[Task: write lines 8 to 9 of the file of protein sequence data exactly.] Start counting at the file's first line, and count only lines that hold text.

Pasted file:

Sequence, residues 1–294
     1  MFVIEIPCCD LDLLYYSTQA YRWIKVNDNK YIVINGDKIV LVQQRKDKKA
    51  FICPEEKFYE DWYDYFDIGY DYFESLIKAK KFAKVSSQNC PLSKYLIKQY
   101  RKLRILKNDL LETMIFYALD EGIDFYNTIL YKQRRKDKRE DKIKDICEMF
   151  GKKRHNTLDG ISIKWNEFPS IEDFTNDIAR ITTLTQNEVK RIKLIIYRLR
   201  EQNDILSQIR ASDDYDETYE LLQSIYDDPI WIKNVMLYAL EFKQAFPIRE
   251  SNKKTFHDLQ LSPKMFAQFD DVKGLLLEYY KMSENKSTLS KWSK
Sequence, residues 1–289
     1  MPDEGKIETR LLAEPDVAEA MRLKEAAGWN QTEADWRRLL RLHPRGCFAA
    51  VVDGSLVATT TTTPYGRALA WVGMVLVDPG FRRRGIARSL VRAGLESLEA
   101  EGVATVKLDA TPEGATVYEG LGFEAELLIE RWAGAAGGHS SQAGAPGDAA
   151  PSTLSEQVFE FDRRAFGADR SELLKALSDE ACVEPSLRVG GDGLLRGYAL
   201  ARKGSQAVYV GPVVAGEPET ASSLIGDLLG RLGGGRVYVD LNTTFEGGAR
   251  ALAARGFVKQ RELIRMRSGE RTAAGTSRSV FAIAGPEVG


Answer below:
Sequence, residues 1–289
     1  MPDEGKIETR LLAEPDVAEA MRLKEAAGWN QTEADWRRLL RLHPRGCFAA